M1 Finance is an app that I talk about a decent amount on this blog. It’s good because lately, it’s been offering great signup bonuses for new users. And while I think everyone should take advantage of the signup bonus when there’s a good one (and as I’m writing this right now, they’re offering $250 to new users who sign up with a referral link), it’s also just a good investing app.
I’ve often talked about friction when it comes to improving your finances. What exactly is friction? It’s that thing that stops you from getting started – that tiny barrier that makes you say “I’ll do this later.” Later, as often is the case, usually becomes never. This is why many of us haven’t set up that retirement account or started putting money into a 529 for our kids or done countless other things we know we should do.
Friction is the enemy that stops us in our tracks, so properly dealing with it can lead to positive results. On the money front, I think the thing that has some of the most friction is investing. As easy as investing is often made out to be, the truth is, while it should be easy, there are a lot of things about investing that are confusing or can slow you down or can outright stop you from investing altogether. Not only do you need to have money to invest, but you also have to figure out where to invest and what to invest in. And that doesn’t even include taking time to learn what investing even is (to learn about investing, I highly recommend The Simple Path to Wealth; another excellent book is The Little Book of Common Sense Investing).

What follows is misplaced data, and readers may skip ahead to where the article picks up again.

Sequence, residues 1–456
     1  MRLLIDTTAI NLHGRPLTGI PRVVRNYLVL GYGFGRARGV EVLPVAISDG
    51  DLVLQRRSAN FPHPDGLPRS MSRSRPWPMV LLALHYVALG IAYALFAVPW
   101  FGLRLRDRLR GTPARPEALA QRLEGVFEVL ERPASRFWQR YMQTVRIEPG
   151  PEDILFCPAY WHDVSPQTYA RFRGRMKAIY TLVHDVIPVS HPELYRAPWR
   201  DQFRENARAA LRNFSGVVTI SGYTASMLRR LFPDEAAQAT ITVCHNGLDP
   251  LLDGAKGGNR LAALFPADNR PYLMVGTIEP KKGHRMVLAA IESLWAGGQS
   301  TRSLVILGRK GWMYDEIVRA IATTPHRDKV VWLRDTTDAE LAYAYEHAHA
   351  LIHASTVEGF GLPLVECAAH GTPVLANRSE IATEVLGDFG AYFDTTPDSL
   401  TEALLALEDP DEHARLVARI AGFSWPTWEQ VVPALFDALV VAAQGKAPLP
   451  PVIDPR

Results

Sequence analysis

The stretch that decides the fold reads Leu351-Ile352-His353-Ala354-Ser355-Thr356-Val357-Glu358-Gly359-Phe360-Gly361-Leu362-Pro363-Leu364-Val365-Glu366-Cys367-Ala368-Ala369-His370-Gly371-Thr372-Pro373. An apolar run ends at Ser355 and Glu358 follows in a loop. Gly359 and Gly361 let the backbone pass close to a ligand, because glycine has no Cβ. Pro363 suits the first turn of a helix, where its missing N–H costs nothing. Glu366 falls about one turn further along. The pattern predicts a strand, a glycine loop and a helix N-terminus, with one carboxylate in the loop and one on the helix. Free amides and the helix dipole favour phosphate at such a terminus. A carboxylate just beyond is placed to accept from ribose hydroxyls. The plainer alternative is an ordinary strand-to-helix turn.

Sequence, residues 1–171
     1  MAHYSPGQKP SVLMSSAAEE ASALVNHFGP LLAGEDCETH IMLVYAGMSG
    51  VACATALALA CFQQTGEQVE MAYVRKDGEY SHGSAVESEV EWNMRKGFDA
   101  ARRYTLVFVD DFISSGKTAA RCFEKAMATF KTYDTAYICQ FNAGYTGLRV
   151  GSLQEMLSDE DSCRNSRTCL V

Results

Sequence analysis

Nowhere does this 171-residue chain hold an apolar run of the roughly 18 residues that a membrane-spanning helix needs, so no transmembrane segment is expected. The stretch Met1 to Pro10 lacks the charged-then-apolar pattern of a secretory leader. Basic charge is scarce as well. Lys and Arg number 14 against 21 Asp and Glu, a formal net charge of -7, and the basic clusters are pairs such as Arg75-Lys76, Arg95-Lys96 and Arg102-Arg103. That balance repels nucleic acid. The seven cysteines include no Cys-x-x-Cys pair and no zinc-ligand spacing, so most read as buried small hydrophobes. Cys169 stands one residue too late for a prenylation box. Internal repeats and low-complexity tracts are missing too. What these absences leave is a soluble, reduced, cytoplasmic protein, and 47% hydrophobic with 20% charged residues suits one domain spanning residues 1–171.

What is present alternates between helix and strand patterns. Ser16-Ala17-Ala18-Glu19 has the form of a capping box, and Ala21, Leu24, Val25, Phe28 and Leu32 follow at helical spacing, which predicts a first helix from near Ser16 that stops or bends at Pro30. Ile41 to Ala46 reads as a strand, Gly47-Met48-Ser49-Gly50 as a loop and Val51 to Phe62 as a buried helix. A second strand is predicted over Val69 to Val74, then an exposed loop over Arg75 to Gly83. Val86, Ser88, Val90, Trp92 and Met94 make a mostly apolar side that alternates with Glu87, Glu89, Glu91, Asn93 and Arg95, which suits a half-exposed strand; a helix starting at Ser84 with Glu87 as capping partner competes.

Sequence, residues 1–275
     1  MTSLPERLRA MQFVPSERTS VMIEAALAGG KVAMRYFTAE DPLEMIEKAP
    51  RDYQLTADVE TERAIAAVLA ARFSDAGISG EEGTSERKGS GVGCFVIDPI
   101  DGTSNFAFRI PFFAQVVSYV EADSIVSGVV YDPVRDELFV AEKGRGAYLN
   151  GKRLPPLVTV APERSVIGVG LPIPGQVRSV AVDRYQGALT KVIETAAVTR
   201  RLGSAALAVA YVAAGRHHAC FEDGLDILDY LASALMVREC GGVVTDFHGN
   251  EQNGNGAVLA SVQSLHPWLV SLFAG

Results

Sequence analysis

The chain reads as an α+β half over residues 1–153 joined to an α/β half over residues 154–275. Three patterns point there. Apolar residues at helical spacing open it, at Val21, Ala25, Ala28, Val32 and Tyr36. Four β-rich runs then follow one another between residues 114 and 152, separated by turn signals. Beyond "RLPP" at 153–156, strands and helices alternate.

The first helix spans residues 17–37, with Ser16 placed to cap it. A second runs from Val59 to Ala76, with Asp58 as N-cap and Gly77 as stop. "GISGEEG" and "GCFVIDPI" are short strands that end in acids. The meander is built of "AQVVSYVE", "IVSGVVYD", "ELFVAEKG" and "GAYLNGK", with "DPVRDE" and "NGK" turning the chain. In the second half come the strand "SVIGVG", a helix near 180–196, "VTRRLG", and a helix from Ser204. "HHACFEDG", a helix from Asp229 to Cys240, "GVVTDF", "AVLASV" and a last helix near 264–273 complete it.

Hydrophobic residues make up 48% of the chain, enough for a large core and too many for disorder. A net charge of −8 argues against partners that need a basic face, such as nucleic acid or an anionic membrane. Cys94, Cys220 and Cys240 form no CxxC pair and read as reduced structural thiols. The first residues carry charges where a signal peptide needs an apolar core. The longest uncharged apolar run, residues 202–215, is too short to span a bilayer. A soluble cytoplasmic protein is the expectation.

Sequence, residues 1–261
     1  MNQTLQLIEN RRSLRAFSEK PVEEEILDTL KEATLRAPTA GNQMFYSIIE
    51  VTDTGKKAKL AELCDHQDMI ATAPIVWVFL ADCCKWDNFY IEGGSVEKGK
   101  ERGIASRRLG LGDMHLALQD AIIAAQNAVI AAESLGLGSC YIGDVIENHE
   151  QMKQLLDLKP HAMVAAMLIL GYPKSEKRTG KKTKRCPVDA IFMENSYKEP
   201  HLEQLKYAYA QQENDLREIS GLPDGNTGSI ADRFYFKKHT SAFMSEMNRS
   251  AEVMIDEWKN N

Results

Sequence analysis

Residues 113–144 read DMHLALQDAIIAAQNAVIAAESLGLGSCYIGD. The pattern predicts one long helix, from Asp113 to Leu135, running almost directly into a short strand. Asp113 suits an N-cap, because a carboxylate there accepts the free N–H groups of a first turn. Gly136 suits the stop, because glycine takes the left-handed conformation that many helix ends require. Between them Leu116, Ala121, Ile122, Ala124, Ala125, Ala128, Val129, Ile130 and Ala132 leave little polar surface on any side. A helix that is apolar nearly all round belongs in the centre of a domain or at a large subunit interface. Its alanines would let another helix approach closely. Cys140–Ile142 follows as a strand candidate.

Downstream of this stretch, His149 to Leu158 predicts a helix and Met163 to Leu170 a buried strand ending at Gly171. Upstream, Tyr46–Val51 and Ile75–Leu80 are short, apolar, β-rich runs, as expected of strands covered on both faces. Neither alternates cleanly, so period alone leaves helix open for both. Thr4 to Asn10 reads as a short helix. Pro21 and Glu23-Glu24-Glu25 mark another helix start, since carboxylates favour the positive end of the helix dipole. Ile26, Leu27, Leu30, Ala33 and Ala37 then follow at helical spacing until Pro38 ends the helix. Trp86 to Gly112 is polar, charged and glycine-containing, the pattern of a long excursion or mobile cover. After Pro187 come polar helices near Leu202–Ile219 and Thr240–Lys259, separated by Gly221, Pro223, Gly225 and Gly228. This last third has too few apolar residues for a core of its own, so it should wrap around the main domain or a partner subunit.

Reducing friction is why I’m a big fan of roboadvisors. The good ones are free, have good investment options, and make it as easy to start investing correctly as it is to open a bank account. That’s the keyword, by the way. Correctly – because oh, boy, there are a lot of wrong ways to invest. As bad as not investing is, investing wrong can be worse (see all the people who lost it all on crypto and meme stocks).
A lot of roboadvisors have come and gone in the 7+ years I’ve been blogging. Some simply shut down. Others changed their business model so much that I can’t recommend them. But M1 Finance, through it all, has continued to stay good.
Why Do I Like M1 Finance?
The bulk of my investments are directly in Vanguard or Fidelity – I have my Solo 401k and HSA with Fidelity and my Roth IRA with Vanguard. But, when someone asks me how to invest, my first response isn’t usually to tell them to open a Fidelity or Vanguard account. Usually, I point people to M1 Finance.
Why do I do this? It’s not just because they offer signup bonuses for new customers. Even when M1 Finance didn’t have a good signup bonus, I’d still point people to M1 Finance, mainly because it made investing so easy at no additional cost.
The key with M1 Finance is their “pie” system. Instead of having to figure out specific funds or ETFs to invest in, M1 Finance has preset “pies” that you can select. Some of the pies are more complicated than they need to be, but most of them offer simple and sound investments. M1 Finance also lets you select pies that others have created for you – so when I’m referring someone to M1 Finance, I usually share my pie (which consists of just a single total stock market ETF).
For example, M1 Finance’s 90/10 portfolio (in the “Just Stocks & Bonds” section) is made up of 90% Vanguard Total World Stock Market ETF and 10% Vanguard Total Bond Market ETF. If you have a 20 or 30-year time horizon, you can pick this single pre-made pie with a few clicks of the mouse and you’re set for the next two or three decades. Each time you put money into your account, that money will automatically get invested into your pie, in the correct allocations, and will automatically get rebalanced.